By Gordon Williams
There are Red Cross and Red Crescent chapters in 190 countries around the world, and no two chapters do things exactly the same way. So the Red Cross that 16-year-old Anja Micko sees in Ellensburg WA, where she is an exchange student, is very different from the Red Cross she is part of back home in Austria.
Anja is active in the Youth Red Cross in Austria, a program for which there is no exact counterpart in the United States. Austrian Red Cross volunteers serve as paramedics, something Anja plans to do when she reaches the minimum age of 18. That is not a function the Red Cross routinely does in this country.
On the other hand, Anja is deeply impressed with the way the American Red Cross aids victims at disaster scenes. “I can just see the passion in her eyes for disaster response,” says Jenny Carkner, a veteran Red Cross volunteer in Ellensburg serving as Anja’s Rotary Club counselor. A Rotary Club program brought Anja to the U.S.
“Anja is fascinated by the idea that I can just get on a plane and a few hours later be helping people at some disaster scene.”Jenny Carkner
It is fortunate that Jenny is able to interact with Anja in two roles — as counselor for Rotary to female exchange students, and as a long-time Red Cross volunteer. The aim of exchange programs is to promote a sharing of cultures. Because they interact on more than one level,
Anja and Jenny are able to share a great deal.
It was not really planned that way. Jenny discovered Anja’s links to the Red Cross only after the girl arrived here in Washington. “I discovered that Anja had volunteered for the Red Cross in Austria; that she had a real passion for serving with the Red Cross,” Jenny says.
Anja comes from a small town just south of Vienna. Her mother is a school teacher and her father makes sophisticated maps for the city of Vienna. Her Youth Red Cross group functions on many levels. There is the social aspect to the weekly meetings — a place for teens with shared interests to meet. But there is also a learning side to the meetings. So, the youngsters are trained in such skills as first aid — useful in itself, but important given the role they will play as paramedics. Once a year, all the Youth Red Cross groups from throughout Austria meet at a camp for a skills competition.
The group also carries out projects to aid the community. Anja says they recently came across a family with disabled members. Her group did artwork, and sold it to raise money to make the house more suitable for its disabled residents.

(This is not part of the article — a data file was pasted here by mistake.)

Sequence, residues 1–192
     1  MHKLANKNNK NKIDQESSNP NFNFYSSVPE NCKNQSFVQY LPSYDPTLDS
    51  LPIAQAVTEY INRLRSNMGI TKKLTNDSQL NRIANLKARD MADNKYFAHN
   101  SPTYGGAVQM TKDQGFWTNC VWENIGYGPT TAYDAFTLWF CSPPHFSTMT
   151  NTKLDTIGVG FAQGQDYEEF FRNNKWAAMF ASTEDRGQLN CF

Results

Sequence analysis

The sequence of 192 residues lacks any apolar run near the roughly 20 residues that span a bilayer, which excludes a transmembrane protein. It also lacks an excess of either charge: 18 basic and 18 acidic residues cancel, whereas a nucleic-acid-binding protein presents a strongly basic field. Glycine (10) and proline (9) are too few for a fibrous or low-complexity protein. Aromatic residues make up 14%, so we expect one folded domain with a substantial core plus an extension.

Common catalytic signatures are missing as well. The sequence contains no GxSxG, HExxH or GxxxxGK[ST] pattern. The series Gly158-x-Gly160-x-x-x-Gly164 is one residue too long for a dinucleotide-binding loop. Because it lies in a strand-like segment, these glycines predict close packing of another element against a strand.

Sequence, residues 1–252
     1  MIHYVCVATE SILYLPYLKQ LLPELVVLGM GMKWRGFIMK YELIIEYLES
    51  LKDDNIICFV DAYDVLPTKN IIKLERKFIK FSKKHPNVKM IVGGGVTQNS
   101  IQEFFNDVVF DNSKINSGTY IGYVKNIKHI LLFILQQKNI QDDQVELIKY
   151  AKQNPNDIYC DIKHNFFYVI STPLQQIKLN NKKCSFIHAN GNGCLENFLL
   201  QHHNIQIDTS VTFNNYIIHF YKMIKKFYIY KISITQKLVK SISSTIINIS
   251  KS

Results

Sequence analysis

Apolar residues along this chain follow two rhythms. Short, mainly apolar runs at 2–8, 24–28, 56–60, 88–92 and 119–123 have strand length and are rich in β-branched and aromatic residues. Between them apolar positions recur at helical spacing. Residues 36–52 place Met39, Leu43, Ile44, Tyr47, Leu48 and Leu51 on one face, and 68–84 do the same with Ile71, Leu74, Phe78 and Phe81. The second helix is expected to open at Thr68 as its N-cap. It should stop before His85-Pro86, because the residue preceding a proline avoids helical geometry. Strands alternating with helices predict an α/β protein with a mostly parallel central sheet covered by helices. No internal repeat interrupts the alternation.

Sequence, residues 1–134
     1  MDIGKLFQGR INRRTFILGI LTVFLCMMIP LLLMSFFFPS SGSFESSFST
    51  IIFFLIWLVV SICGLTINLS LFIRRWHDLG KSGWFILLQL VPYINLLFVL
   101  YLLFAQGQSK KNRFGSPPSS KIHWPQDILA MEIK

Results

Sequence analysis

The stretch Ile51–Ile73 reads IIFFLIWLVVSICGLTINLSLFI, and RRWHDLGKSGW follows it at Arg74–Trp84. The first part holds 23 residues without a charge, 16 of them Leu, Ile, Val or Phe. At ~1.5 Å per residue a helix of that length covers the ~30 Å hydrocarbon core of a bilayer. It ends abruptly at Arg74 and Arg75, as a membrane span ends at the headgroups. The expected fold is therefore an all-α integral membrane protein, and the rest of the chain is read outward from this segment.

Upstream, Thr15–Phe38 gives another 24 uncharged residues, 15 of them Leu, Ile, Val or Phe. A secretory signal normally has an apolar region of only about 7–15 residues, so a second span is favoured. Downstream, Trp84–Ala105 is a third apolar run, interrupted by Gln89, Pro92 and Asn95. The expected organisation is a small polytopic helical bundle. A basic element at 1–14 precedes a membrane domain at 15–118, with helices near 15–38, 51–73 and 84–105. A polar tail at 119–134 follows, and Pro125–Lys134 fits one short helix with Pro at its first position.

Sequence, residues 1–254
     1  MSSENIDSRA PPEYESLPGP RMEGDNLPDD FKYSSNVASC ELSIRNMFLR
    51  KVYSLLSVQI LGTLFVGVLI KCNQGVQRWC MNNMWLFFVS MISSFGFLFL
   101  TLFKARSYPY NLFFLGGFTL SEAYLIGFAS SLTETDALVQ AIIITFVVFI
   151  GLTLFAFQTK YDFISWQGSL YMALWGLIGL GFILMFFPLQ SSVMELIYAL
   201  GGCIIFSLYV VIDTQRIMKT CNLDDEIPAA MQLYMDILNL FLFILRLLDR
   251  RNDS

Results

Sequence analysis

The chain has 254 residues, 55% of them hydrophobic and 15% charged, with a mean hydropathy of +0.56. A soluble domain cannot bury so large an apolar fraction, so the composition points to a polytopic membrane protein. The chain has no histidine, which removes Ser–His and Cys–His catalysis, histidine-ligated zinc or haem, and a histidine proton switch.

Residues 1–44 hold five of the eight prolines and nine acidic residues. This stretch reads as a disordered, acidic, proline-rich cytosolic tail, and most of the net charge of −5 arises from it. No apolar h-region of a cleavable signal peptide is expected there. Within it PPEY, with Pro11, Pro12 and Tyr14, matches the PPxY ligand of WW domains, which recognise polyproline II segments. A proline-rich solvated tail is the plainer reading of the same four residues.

Anja says she first wanted to do a student exchange when she was 12. “I love traveling,” she says, “and I wanted to improve my English.” She picked four countries she was most interested in — the U.S., Canada, New Zealand and Malta. “The Rotary sent me to Ellensburg,” she says. She will be here until June.
Jenny’s job as Rotary counselor to exchange students is to help them adapt to life in the U.S.
The process was helped immensely by the common interest in the Red Cross which Jenny and Anja share.
Jenny’s ties to the Red Cross are long-standing — back to the days of Hurricane Katrina in 2005. She is now a financial advisor for the Edward Jones brokerage firm (as is her husband Jim). Back in 2005, she was a stay-at-home-mom. She volunteered with the Red Cross right after Katrina, and spent three weeks deployed to Mississippi.
Since then she has deployed to disasters more than a dozen times. She drove a box truck at Hurricane Sandy response in New York, but these days mostly works in operations management or as a government liaison at disaster scenes. Her most recent deployment was to the Hawaiian volcanic eruption last spring.
Besides being a veteran volunteer, Jenny also spent time as a paid Red Cross manager — as executive director of the organization’s Kittitas County office in Ellensburg. She stepped down from that job in 2013 to devote more time to her family, and joined Edward Jones in 2015.
Jenny feels she has helped Anja make the most of her time in the U.S. “I think it has been a positive experience,” Jenny says. “It has taught her a great deal about our American culture and helped her build her self-confidence.”
Now, Anja says, she is looking forward to going back to Austria where she can share the American Red Cross culture with a Red Cross program that does things just a little differently.